After six, or whichever number of half head sections are to be assembled, are correctly positioned in the frame 5 along with partitions 16 in slots 7 and the terminal plate 17 is fastened thereto, this cluster is placed in a form which is filled with a casting resin and placed in an oven for curing. This plastic is illustrated at 8 in Fig. 2. Before the partitions 16, which are approximately .020 of an inch thick, are placed in their respective notches 7, they are greased. Now, before the resin has completely cooled, the greased partitions can .be easily removed, leaving grooves in the resin in which slightly thinner Mumetal shields, such as shown at 19 in Fig. 3, are placed. With the partitions 16 removed, the pole faces 14 of all of the half sections 10 in the cluster can be simultaneously lapped on a flat plate, thus assuring that the pole faces will all be in the same plane.

The next step in constructing the final assembly is to take two clusters, such as just described, and fasten them together by screws, such as shown at 22 and 23, passing through holes 24 and 25, respectively, in the rack 5 and threaded in holes in the opposing rack, such as shown at 27 in Fig. 3. A non-magnetic spacer of .0002 of an inch thick, as shown at 40, is placed between opposing pole faces. There is also a back-gap spacer 34, .004 of an inch thick. (See Fig. 2.) The clusters are then placed in a five-sided receptacle or casing 26, one end being a plate 12 attached to the side walls 31 and 32 by screws33. The other end of the casing, as shown in Figs. 1 and 3, has bosses or ears 35 and 36 on the sides 31 and 32, respectively, and edge extensions or flanges 37 which form a groove therebetween. A mounting plate 38 has a portion within the groove and a mounting stud 39. A pin 41 passes through the flanges and plate 38 so that the casing may pivot on the pin 41 by loosening one or the other of screws 42 and 43 and tightening the opposite screw. This adjustment will adjust the heads for azimuth.

As mentioned above, the casing or receptacle 26 has five sides, one side being open. The assembly of the two half head section clusters held together by screws 22 and 23 is now positioned in casing 26. To properly position the clusters within the receptacle, set screws 45 and 46 are threaded through the sides 31 and 32 and abut against the frames and 27. The assembly of both clusters is now plasticized in the metal receptacle 26 in the same manner as the individual clusters were previously plasticized. This plastic is shown at 23. Thus, there is provided a structure which has, in the present instance, a plurality of six heads illustrated by cores 29 and 3-1) in Fig. 3 with seven Mumetal shields 7.9. "Use hearing surfaces 47 and 43 of the pole tips of the head shown in Fig. 2 are properly aligned with the bearing surfaces of the pole tips of the other heads, the pole faces, forming the recording and reproducing gaps, being in two parallel planes.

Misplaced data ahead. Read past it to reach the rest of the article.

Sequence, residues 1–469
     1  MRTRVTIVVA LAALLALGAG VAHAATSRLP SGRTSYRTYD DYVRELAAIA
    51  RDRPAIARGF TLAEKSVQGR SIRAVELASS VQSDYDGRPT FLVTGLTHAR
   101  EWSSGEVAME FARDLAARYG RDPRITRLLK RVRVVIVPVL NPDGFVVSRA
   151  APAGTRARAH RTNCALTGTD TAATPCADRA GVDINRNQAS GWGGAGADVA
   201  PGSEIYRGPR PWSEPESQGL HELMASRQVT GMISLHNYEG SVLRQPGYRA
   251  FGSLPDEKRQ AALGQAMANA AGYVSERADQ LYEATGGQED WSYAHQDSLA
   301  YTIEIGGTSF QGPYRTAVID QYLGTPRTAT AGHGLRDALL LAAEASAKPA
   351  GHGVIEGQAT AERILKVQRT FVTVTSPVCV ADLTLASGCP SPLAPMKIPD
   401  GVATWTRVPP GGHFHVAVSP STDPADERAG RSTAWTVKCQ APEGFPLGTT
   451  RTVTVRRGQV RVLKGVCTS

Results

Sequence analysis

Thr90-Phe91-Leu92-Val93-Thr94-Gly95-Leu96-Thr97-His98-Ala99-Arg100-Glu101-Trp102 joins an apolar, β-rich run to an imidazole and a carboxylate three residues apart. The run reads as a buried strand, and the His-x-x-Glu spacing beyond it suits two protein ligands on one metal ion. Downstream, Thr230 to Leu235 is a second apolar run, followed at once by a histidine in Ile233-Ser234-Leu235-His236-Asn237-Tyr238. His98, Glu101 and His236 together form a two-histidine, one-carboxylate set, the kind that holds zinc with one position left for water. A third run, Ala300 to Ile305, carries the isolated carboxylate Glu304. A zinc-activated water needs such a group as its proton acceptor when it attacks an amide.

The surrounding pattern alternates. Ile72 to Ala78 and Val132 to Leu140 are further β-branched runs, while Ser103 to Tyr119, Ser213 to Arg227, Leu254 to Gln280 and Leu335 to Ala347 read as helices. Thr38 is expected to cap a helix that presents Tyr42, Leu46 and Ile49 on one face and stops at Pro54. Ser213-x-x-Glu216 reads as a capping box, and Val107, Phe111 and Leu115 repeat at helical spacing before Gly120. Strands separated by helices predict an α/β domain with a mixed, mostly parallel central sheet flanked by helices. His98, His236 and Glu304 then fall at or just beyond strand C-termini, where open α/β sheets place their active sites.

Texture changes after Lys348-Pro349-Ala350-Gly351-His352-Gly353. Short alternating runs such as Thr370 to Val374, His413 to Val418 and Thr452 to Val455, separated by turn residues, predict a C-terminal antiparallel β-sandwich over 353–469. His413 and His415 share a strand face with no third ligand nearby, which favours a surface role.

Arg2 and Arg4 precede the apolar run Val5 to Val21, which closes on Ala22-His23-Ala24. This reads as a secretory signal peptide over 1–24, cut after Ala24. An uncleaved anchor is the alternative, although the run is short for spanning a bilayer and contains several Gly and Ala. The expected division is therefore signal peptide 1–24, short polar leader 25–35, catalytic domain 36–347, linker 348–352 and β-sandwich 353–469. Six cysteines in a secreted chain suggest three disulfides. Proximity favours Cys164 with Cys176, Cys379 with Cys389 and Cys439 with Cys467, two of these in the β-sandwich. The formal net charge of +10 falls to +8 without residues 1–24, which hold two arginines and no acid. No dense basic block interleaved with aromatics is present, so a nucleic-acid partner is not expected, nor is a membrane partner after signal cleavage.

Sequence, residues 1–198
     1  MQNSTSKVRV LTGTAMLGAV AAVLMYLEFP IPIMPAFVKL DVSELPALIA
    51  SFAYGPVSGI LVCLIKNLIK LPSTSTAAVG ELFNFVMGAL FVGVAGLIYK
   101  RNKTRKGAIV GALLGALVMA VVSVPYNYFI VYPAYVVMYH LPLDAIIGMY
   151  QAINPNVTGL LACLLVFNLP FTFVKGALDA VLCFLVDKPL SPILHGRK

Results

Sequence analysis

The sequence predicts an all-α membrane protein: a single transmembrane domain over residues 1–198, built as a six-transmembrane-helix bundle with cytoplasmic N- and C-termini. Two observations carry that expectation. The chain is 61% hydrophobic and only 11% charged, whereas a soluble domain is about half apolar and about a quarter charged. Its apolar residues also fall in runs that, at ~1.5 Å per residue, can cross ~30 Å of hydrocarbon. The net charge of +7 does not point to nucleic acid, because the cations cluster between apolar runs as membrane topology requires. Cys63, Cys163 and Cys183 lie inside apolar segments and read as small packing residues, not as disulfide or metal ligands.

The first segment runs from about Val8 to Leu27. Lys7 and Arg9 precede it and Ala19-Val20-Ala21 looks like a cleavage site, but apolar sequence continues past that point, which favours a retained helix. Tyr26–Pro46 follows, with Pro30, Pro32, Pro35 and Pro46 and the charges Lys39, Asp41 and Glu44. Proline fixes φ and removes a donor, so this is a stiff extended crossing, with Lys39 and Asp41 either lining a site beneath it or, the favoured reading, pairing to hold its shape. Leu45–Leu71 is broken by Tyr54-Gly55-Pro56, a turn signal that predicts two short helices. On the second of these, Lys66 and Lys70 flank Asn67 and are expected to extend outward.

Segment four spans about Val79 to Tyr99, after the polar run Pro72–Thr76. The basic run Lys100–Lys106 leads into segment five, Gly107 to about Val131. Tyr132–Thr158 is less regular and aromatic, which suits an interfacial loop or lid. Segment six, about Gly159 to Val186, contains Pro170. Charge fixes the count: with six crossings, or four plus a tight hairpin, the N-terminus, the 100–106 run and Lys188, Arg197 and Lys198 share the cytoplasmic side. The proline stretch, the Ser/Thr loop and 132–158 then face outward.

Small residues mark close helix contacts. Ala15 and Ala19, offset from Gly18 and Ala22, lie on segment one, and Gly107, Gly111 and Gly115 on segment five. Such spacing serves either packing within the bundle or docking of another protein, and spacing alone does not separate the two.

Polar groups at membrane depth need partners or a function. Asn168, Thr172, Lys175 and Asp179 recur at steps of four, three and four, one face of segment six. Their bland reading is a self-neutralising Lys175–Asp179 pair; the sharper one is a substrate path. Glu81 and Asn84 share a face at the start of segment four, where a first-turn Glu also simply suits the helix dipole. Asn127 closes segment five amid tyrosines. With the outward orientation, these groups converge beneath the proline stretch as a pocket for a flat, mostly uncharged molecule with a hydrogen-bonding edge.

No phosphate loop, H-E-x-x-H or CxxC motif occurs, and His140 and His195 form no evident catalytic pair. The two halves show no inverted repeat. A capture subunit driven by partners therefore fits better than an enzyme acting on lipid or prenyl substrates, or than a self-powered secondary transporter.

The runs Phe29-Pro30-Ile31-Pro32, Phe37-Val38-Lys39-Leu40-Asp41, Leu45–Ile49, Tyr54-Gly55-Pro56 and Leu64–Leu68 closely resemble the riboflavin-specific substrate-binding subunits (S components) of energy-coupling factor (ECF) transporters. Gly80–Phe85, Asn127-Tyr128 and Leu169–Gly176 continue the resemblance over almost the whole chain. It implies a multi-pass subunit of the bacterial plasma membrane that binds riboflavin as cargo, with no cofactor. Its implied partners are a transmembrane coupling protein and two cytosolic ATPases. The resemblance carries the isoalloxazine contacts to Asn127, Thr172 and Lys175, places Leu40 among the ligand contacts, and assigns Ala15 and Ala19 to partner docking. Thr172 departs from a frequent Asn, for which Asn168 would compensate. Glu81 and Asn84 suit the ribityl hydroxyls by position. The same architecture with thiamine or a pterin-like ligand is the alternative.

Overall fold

Referring now to Fig. 5, a casing 53 has bosses 56 and 57 adjacent one end wall 50 thereof. In this instance, the end 50 abuts a mounting plate 51 through which a bearing screw 52 passes and which is threaded into the end wall 50, Screws 5 and 55 pass through oversized holes in the bosses 56 and 57, respectively, so that the casing 58 may be slightly rotated on the axis of the screw 52. It is also to be understood that the plate 51 may be positioned adjacent the plate 38 to provide a rotational adjustment in combination with the azimuth pivoting structure, if desired or necessary. Since location pins are usually used to position the casing 26 or the casing 58 in a recorder or reproducer, very little, if any, further adjustments are required.

It has been found that, by constructing any number of ring-type magnetic heads by forming clusters of half head sections, the final assemblies may be produced quickly and economically, while providing particularly sensitive and efficient heads for multiple magnetic track recording.

I claim:

1. The method of assembling a plurality of magnetic heads in a casing comprising aligning half head sections in a fixed relationship to one another so that the head height is the same for each section and the pole tip face of each section is in substantially the same plane, interposing partitions between said half head sections, embedding said assembled sections and partitions in a plastic to form a group of half head sections, removing said partitions after the hardening of said plastic to provide spaces in said plastic formerly occupied by said partitions, lapping the pole tip faces of all of said half head sections simultaneously to place said faces in one plane, assembling two groups of lapped half head sections with one-piece separating shields extending between pairs of said half head sections in the spaces provided by the removal of said partitions so the lapped faces oppose one another with gaps therebetween, and embedding said groups in a plastic.

2. The method of claim 1 in which said groups are d embedded in said plastic while positioned within an opensided casing with the pole tips of said half head sections extending beyond the surface of the open side of said casing.

3. The method of constructing a plurality of magnetic heads having the opposing faces of their air gaps in a pair of parallel planes comprising forming a plurality of identical half head sections, assembling an equal number of said half head sections with separating partitions between said half head sections into two groups, each half head section in each respective group being the same with respect to head height and having their pole tip faces in substantial alignment, embedding said groups in elastic, removing the partitions from said groups after said plastic has hardened to provide spaces in said plastic formerly occupied by said partitions, simultaneously lapping the faces of the pole tips in each group to place said faces in the same respective plane, aligning a pair of said groups with the faces of their pole tips opposing one another in spaced parallel planes with one-piece shields extending between pairs of said half head sections in the positions formerly occupied by said partitions, and embedding said groups in a plastic.